Palantir’s IPO could be delayed until 2023 as the embattled, Peter Thiel-founded data firm looks overseas for private funding

Palantir Technologies CEO Alex Karp.

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Palantir Technologies CEO Alex Karp.
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Drew Angerer/Getty Images

  • The controversial data-analytics company Palantir may be pumping the brakes on going public.
  • On Thursday, Bloomberg reported that the Palo Alto, California-based tech firm was in talks with private investors to raise “significant funding.”
  • Previously, Palantir was reportedly targeting an initial public offering in 2020.
  • Bloomberg said Palantir’s cofounder and chairman, Peter Thiel, had told employees the company would not be going public within the next three years.
  • That could set a Palantir IPO date back to 2022 or 2023.
  • Visit Business Insider’s homepage for more stories.

The controversial data-analytics company Palantir may be pumping the brakes on going public.

On Thursday, Bloomberg reported that the Palo Alto, California-based tech firm – most recently valued at $20 billion – was in talks with private investors to raise “significant funding.” Previously, Palantir was reportedly targeting an initial public offering in 2020.

Palantir has courted Singapore’s Temasek Holdings as well as the Japan-based SoftBank Group and other non-US investors to participate, Bloomberg said, citing people familiar with the matter.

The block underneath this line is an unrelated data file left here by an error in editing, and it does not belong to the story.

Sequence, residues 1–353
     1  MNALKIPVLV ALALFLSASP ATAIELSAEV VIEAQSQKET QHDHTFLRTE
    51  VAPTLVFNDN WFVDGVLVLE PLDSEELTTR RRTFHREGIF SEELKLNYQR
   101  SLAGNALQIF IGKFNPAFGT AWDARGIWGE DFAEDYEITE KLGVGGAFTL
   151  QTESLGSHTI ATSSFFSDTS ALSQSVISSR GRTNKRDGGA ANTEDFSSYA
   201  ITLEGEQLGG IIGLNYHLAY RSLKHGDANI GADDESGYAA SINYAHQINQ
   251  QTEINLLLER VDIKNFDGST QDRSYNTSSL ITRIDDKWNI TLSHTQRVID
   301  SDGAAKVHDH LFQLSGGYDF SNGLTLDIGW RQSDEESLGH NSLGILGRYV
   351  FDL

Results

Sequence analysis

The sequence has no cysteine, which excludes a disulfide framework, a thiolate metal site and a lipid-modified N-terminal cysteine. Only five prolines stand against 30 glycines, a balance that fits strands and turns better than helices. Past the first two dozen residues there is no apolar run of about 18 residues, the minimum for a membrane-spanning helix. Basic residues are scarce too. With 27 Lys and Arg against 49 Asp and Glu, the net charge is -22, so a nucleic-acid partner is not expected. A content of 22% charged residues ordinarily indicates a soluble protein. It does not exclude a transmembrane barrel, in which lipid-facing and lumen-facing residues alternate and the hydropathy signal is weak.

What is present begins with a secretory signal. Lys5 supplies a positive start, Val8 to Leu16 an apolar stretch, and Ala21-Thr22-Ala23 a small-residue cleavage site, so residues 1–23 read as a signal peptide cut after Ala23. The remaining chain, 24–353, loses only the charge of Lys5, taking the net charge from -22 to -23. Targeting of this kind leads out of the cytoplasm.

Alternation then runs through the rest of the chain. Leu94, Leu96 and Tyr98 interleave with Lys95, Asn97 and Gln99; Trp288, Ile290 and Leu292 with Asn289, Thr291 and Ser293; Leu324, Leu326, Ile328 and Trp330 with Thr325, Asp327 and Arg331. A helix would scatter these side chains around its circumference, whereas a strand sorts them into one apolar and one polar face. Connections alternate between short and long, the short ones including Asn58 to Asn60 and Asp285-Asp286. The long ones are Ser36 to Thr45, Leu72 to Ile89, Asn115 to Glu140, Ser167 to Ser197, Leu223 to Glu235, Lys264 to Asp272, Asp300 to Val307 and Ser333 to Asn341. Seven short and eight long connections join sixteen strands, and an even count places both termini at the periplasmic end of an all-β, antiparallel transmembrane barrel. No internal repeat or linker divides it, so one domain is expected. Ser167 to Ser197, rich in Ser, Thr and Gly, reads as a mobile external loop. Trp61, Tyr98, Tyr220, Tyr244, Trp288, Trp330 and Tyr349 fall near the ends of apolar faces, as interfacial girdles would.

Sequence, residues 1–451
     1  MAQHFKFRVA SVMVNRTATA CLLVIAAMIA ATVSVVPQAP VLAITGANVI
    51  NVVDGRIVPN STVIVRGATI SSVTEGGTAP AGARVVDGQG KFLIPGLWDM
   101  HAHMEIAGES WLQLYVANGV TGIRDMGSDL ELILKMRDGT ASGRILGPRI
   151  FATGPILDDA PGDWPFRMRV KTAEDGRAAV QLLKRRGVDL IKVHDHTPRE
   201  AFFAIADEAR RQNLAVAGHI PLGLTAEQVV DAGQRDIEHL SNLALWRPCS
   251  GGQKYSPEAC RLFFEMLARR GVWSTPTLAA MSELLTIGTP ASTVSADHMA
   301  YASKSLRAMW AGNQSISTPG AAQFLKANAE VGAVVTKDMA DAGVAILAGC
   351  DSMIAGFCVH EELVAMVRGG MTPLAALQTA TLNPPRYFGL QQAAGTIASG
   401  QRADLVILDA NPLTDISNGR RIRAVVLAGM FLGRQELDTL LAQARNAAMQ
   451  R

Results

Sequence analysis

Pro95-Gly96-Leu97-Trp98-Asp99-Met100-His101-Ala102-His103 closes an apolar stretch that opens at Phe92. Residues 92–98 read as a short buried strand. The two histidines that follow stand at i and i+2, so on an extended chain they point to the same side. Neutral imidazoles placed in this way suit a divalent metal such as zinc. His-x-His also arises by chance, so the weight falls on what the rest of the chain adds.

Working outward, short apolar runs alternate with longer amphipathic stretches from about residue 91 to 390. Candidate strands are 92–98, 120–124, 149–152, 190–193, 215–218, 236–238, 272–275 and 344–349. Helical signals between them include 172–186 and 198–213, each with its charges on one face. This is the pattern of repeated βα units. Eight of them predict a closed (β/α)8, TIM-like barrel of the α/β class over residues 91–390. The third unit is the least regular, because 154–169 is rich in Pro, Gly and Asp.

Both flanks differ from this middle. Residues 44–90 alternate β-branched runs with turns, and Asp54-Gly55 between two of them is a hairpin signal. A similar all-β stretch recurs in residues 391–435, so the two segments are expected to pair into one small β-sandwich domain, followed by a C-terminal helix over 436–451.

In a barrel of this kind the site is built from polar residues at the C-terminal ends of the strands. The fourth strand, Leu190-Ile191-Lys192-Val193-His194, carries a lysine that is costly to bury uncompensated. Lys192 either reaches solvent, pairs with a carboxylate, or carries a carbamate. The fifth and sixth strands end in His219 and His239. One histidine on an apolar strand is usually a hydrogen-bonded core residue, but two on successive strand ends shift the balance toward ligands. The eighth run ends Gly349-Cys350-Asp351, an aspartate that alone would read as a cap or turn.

Palantir’s cofounder and chairman, Peter Thiel, told employees recently that the company would not be going public within the next three years, Bloomberg reported. That could set a Palantir IPO date back to 2022 or 2023.

Palantir did not immediately respond to Business Insider’s request for comment.

Palantir, which has never been profitable, had reportedly been making efforts to gear up a public offering, which included hiring its first sales team and eliminating lavish employee perks, like 13-course tasting-menu lunches, that could raise eyebrows among public market investors. Employees were also reportedly no longer allowed to expense last-minute international airfare and at least one person was fired for expensing off-the-wall purchases like lingerie.

Read more: This $20 billion startup is reportedly cutting lavish perks as it tries to kill its employees’ ‘entitlement syndrome’ ahead of a possible IPO

Because of Palantir’s work with the US military and government agencies, the data-mining firm has long been subject to scrutiny by outside critics. Most recently, Business Insider learned that Palantir employees themselves were becoming increasingly split over the company’s ties to government work – specifically its business dealings with Immigration and Customs Enforcement, the federal agency involved in detaining and deporting people over immigration violations.